Spring-Ford's 43-21 victory over Downingtown West in Friday's District 1-AAAA Tournament opener game was an emotional one for the Rams, who successfully returned to the scene of last year's season-ending district championship loss to Coatesville — Kottmeyer Stadium — and flipped the script.
For Rams senior Jake Leahy, it was oh-so-much more.
On the night of last Nov. 30, as the Rams exited their team bus back at school after the 59-28 defeat to the Red Raiders, Leahy was confronted with a loss far more devastating.
His older brother, Anthony, had died earlier in the evening at the age of 20 of a heroin overdose. And suddenly, losing a football game was put in harsh perspective.
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Leahy was pretty much a role player for the Rams last season, playing on special teams and seeing token time at defensive end and fullback for a squad that went 12-3 and won its first three District 1 Tournament games in school history.
Anthony, who had struggled with substance abuse issues, had been living in a halfway house but was making progress, according to his father James.
"We were all together for Thanksgiving and he looked the best he'd looked for the past few years,' James said.
Eight days later, however, James got the tragic news of Anthony's passing shortly after the district final kicked off — and fainted near the Rams sideline.
After being helped up by his sister, niece and nephew, James made the decision to wait until after the game to tell Jake.
"I felt so bad for him, because he had worked so hard,' the elder Leahy said. "It was the district championship, and I didn't want it to distract him.'
Leahy subsequently received a postgame text message from his father.
"He was like, ' When you get home, call me right away, it's a family emergency,'' Leahy recalled. "I didn't really think anything of it at first, but when I got off the bus, he was there with my grandfather (James Sr.) and told me the news. I didn't believe it at first, but then I saw the look on the face of my grandfather, and knew it was real. That will always stay with me.'
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Needless to say, the holiday season didn't afford much cheer for the Leahy family.
"It was devastating,' Jake said. "Christmas was coming up, and it wound up being the worst Christmas I ever had. The first couple weeks after the funeral, it was bad. And it got worse over time. Me and my dad were hit hard. I'm still messed up about it.'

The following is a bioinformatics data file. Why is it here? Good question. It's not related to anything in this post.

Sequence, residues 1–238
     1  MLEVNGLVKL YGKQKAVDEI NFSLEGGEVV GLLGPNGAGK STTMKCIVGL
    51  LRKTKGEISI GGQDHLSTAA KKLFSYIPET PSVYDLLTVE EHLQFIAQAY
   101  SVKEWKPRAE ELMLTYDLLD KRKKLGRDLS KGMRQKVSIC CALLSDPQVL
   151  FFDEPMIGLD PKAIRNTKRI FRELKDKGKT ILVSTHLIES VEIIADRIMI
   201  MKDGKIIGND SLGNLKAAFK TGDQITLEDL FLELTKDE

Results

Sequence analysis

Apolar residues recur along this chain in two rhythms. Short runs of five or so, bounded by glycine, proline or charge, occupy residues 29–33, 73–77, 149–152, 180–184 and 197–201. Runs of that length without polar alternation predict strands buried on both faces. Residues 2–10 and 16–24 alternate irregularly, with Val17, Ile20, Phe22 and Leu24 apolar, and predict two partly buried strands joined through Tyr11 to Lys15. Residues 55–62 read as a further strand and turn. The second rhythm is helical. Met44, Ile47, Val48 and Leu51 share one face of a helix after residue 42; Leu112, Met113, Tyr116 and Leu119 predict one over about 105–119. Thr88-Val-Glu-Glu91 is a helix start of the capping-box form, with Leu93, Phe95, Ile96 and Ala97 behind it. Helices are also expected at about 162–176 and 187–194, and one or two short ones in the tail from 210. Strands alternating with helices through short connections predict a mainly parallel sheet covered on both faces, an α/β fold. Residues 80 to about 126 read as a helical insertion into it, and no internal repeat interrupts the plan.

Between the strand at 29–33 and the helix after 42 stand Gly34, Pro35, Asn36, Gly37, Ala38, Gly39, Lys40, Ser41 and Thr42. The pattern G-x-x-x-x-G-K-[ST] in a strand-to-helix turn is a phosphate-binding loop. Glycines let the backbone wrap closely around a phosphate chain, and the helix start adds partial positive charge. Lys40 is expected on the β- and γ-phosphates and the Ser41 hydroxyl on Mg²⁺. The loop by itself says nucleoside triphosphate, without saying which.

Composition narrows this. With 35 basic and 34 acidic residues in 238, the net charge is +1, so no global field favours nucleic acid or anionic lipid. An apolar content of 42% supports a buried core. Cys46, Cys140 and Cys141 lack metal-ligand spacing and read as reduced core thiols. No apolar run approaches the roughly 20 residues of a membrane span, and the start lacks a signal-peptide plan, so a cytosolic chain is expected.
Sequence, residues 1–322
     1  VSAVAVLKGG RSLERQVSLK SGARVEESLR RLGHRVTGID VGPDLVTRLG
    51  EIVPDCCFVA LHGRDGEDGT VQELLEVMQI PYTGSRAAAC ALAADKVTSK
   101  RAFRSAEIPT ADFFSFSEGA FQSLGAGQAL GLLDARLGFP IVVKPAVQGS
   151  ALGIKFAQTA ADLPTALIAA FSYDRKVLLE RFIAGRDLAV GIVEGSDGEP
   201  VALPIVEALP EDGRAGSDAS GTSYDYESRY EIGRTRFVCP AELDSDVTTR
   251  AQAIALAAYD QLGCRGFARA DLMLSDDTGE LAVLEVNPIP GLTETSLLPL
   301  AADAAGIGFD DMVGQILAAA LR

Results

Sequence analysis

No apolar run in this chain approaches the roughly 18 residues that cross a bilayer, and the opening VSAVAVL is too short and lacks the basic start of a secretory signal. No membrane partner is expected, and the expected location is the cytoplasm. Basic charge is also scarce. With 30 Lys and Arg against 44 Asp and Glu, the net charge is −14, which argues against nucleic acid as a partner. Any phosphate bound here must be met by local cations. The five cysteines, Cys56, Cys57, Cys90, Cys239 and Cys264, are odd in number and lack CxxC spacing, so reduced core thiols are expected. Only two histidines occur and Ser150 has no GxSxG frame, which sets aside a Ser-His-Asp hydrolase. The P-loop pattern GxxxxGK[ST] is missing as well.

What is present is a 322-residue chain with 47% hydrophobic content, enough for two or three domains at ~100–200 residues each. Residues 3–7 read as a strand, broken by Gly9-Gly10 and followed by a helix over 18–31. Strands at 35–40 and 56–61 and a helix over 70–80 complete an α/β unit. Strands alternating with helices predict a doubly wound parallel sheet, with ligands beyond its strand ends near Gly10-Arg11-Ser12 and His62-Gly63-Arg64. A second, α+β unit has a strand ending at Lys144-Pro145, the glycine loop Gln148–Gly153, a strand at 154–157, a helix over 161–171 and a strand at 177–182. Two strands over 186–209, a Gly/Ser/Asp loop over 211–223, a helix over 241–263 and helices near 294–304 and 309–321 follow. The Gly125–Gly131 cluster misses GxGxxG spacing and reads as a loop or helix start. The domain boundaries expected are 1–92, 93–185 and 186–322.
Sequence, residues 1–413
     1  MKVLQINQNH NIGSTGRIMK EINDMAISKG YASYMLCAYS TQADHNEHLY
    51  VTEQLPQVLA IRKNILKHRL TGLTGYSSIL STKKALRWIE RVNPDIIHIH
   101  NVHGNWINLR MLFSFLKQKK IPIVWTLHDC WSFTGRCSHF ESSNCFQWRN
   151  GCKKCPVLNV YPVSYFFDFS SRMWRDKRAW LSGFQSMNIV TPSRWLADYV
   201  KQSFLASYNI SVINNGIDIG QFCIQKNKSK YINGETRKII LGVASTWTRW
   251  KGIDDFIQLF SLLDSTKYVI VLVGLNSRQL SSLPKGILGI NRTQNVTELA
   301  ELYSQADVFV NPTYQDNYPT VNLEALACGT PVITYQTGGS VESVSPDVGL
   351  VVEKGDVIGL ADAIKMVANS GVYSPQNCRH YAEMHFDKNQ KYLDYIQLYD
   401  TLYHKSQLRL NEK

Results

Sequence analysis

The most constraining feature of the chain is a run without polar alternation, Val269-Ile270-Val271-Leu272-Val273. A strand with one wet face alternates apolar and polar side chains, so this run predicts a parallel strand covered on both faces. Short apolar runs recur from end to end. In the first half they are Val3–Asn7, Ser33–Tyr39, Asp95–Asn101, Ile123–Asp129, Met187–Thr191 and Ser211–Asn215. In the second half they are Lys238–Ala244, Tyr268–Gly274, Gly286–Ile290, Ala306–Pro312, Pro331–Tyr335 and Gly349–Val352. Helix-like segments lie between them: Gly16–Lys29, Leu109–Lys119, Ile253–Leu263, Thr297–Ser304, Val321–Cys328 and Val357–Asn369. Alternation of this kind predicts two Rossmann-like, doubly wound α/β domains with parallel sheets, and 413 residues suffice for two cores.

Thankfully for Leahy (whose mother, Heather, lives in Florida) and his father, the outpouring they received from Spring-Ford and the football program made things easier.
"They were very supportive of our family,' James said. "The coaches were phenomenal. Coach (Chad) Brubaker really wants the best for the kids, and the support from the team was tremendous. A lot of players' families brought food over and were very comforting. They were there for us 24/7 every day.'
"My teammates have all been there for me,' Jake said, specifically mentioning the quartet of Gary Hopkins, Jarred Jones, Connor Murphy and Jack Haney.
Brubaker had run into similar situations of team members losing loved ones when he was an assistant at Wilson, and in his four years at the helm of Spring-Ford the squad has been hit with its share of tragic circumstances — including the death of Rams player Brian Clarke in 2012.
"We always want to win, but that's not really what this is all about,' Brubaker said. "What's important is how the kids on our team turn out as individuals, and they've taught me a lot of how resilient they are. I have a younger brother, and I can't imagine what Jake is going through at the age of 17 or 18.'
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On Aug. 21, Anthony's birthday, Leahy and his family held a memorial at nearby Victory Park.
The 6-foot-1, 195-pound Leahy has dedicated his final season to his older brother, and over the past 11 weeks his play has been plenty purposeful on both sides of the ball.
"I know it's been difficult at times on Jake, but he's been playing better and better for us,' Brubaker said.
When Jones missed Spring-Ford's Week 5 showdown with Pottsgrove, Leahy stepped in an rushed for a career-best 96 yards.
Defensively, he has been an emerging force at linebacker and has totalled 60 tackles, second only to Robby Varner's team-high 62.
And he was recently honored by the Lower Perk Longhorns, who put Leahy on their Wall of Fame.
"When he puts his mind to it, he's capable of anything,' James said of his son. "He's shown a lot of resilience. I'm extremely proud of him; I can't tell him that enough.'
"I just want to give the whole team everything I have,' Leahy said. "I want to let everything out there; this is my last year of high school football.'
Friday's game may have been Leahy's most shining moment on the gridiron.
He spearheaded a bend-but-don't-break defensive effort with a couple of defining plays — a third quarter interception of Whippets' QB Nick Pagel and fourth quarter, fourth-down sack of Pagel.
He also ran for 35 yards and caught one pass for six yards as the No. 12 seed Rams (9-2) advanced to this weekend's district quarterfinal at No. 4 seed Neshaminy (10-1).
"It (Friday's game) was really emotional for me,' Leahy said.
And therapeutic, as Leahy attempts to cope with a tragic loss that resonates far beyond the football field.
Follow Darryl Grumling on Twitter at @MercSmokinD.